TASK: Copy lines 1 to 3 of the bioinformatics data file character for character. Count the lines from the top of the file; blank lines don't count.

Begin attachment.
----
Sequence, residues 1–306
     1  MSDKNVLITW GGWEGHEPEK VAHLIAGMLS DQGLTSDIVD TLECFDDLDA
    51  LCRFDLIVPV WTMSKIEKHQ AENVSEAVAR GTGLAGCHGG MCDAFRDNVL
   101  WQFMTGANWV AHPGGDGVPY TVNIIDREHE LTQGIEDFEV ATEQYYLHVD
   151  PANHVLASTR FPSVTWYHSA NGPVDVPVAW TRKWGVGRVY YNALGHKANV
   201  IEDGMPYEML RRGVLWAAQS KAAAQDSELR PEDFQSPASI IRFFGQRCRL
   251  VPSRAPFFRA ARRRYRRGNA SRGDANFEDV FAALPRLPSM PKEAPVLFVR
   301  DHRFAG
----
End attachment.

Sequence, residues 1–306
     1  MSDKNVLITW GGWEGHEPEK VAHLIAGMLS DQGLTSDIVD TLECFDDLDA
    51  LCRFDLIVPV WTMSKIEKHQ AENVSEAVAR GTGLAGCHGG MCDAFRDNVL